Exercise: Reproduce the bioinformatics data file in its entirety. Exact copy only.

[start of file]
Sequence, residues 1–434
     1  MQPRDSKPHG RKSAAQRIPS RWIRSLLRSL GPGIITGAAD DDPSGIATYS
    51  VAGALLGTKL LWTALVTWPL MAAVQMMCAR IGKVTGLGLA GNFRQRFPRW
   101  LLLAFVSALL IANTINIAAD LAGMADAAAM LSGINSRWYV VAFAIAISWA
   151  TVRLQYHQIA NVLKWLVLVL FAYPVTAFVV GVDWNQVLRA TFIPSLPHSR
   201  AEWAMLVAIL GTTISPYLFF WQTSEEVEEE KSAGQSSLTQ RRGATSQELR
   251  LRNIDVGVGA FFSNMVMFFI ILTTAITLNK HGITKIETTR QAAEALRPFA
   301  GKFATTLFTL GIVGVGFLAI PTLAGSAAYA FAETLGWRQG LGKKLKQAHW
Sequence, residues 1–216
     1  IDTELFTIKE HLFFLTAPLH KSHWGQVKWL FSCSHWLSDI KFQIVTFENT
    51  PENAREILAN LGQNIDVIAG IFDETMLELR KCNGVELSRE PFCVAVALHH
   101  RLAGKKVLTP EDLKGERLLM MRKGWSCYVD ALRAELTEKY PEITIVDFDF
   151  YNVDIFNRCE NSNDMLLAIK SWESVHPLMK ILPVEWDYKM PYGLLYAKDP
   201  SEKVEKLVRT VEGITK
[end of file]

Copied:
Sequence, residues 1–434
     1  MQPRDSKPHG RKSAAQRIPS RWIRSLLRSL GPGIITGAAD DDPSGIATYS
    51  VAGALLGTKL LWTALVTWPL MAAVQMMCAR IGKVTGLGLA GNFRQRFPRW
   101  LLLAFVSALL IANTINIAAD LAGMADAAAM LSGINSRWYV VAFAIAISWA
   151  TVRLQYHQIA NVLKWLVLVL FAYPVTAFVV GVDWNQVLRA TFIPSLPHSR
   201  AEWAMLVAIL GTTISPYLFF WQTSEEVEEE KSAGQSSLTQ RRGATSQELR
   251  LRNIDVGVGA FFSNMVMFFI ILTTAITLNK HGITKIETTR QAAEALRPFA
   301  GKFATTLFTL GIVGVGFLAI PTLAGSAAYA FAETLGWRQG LGKKLKQAHW
Sequence, residues 1–216
     1  IDTELFTIKE HLFFLTAPLH KSHWGQVKWL FSCSHWLSDI KFQIVTFENT
    51  PENAREILAN LGQNIDVIAG IFDETMLELR KCNGVELSRE PFCVAVALHH
   101  RLAGKKVLTP EDLKGERLLM MRKGWSCYVD ALRAELTEKY PEITIVDFDF
   151  YNVDIFNRCE NSNDMLLAIK SWESVHPLMK ILPVEWDYKM PYGLLYAKDP
   201  SEKVEKLVRT VEGITK